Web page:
According to Irina Judina, the chair of the Union, all employees who had a day-off that day were called to work. Employees were allegedly made to clean windows and other parts of Maxima stores, and pick up rubbish around the stores. The aforementioned journalist, who also wrote that the letter was addressed to other media (but so far I've only seen any mention of the alleged violation on his blog), immediately wrote to Maxima asking for explanation. Perhaps it was just a self-willed act of certain store managers? Maxima's PR representative responded that any involvement in the event on behalf of the employees was voluntary. Predictably, she chose to play a victim: Maxima is trying very hard to be a socially responsible company, but it is never appreciated.
While it is true that other businesses may be equally exploitative of their employees, Maxima is known for going far in that. People are more sensitive to what is happening in Maxima because it is a very big chain, and many people have friends or relatives who work or have worked for Maxima (since employees there change really fast). Maxima also had strong links to the previous government and is known for its bulldozer type urban initiatives.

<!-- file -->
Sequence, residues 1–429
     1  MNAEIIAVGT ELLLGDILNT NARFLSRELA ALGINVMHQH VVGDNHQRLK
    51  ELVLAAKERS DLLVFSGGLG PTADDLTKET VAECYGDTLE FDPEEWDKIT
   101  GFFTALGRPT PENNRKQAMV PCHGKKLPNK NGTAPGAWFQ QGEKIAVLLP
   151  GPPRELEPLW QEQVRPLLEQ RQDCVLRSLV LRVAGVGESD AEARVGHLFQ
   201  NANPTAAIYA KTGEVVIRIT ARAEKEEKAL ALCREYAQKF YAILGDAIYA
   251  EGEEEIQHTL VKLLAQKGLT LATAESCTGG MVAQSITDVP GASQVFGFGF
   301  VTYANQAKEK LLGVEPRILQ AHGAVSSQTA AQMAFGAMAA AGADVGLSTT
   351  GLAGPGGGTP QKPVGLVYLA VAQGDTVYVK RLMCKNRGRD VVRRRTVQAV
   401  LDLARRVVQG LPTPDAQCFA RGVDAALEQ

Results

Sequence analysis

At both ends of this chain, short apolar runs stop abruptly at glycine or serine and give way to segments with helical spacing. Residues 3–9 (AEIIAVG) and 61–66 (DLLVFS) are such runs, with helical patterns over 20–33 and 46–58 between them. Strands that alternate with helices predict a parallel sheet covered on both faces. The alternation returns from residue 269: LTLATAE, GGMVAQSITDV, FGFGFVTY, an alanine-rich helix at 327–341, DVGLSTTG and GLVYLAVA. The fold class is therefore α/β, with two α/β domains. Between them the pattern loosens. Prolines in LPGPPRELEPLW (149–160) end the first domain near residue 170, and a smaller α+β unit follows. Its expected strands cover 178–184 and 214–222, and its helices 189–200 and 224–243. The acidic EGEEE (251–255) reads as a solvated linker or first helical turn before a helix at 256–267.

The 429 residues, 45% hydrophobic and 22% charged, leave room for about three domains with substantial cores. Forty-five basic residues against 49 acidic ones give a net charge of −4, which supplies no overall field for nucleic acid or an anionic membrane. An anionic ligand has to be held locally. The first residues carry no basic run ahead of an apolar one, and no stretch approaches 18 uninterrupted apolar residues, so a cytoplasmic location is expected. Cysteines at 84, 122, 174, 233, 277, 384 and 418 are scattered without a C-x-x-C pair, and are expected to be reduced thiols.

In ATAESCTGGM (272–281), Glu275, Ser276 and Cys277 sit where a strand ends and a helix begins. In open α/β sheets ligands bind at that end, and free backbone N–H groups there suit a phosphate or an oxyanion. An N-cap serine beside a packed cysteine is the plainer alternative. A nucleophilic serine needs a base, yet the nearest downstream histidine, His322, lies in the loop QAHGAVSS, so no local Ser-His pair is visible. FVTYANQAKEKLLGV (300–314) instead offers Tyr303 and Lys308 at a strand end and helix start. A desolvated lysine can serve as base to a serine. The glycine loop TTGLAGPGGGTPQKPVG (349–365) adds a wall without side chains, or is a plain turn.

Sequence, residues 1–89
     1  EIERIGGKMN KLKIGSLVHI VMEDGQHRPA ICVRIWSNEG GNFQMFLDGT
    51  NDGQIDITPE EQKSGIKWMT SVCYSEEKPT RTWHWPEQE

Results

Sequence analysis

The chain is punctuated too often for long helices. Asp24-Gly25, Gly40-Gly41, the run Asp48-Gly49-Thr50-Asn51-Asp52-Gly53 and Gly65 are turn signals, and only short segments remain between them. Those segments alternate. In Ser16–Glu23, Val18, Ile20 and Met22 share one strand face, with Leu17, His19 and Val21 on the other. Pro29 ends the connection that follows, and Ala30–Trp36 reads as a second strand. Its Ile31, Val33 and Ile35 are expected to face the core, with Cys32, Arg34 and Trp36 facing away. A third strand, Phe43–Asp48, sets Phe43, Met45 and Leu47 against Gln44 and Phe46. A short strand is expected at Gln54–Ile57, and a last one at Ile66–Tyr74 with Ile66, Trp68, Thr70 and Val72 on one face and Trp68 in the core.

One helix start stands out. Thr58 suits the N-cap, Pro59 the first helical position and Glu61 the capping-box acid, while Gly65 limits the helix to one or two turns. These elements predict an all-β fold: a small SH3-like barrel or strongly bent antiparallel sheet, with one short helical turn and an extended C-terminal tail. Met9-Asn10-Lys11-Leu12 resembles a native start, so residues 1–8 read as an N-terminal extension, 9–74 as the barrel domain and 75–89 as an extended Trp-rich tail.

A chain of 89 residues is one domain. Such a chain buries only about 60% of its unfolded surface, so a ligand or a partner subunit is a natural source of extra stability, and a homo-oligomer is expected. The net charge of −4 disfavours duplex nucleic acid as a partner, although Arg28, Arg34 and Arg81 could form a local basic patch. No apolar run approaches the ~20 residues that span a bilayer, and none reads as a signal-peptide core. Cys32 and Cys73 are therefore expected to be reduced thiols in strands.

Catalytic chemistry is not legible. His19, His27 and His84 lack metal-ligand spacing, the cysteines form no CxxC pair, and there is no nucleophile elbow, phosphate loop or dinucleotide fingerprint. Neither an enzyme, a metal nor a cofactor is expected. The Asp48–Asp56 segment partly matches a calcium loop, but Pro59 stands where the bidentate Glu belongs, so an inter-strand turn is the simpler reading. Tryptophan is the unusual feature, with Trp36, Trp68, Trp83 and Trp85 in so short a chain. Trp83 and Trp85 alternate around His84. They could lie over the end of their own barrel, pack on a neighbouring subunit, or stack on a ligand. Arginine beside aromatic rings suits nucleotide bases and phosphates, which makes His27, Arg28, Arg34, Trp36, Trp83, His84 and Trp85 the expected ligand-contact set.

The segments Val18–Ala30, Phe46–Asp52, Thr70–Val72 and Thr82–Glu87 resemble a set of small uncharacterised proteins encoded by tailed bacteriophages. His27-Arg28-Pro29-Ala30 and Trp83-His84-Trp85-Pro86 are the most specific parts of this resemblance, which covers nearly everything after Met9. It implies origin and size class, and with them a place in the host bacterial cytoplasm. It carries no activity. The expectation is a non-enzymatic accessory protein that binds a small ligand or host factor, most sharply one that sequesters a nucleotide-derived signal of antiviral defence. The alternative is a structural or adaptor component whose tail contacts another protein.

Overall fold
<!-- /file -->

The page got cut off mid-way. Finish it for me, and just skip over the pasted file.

I met Ms Judina at a conference almost a year ago, she's a rare brave activist, someone much needed in the gloomy landscape of Lithuanian unions. At the time she was trying to expose sweatshop conditions and crackdown on union activism at another supermarket chain, IKI. It is a very difficult job, because, predictably, big businesses can hire good lawyers, while workers have difficulties in gathering any evidence to support their cause. This is becauseAll in all, I prefer to believe that pressure on employees to take part in the environmentalist event (pay attention - to clean around supermarkets, not anywhere they preferred!) is a fact. Yet the only way where the unions can move on from here is, first, increasing media exposure of the issue, second, offering training for its members on how to recognise and document pressure from employers, and, third, appeal to the organisers of the event, encouraging them to stop tolerating forceful measures under their project.As I understand, all the requests by the employers are made orally, in the typical Eastern European 'voluntarily compulsory' fashion. Proving that such conversations existed would require bringing a recorder to a staff meeting. Even if recorded, the messages may not necessarily be direct. The employer may utter something like, "I want you to be there at 8." How do you interpret it? "I think it would be a good idea" or "... otherwise you won't be on the list when we consider wage raises or days-off at Christmas"? Most co-workers would be afraid to witness against their employers due to their fears of losing benefits or even the job. During the crisis workers are especially alienated, and unions have not yet been able to offer them effective protection.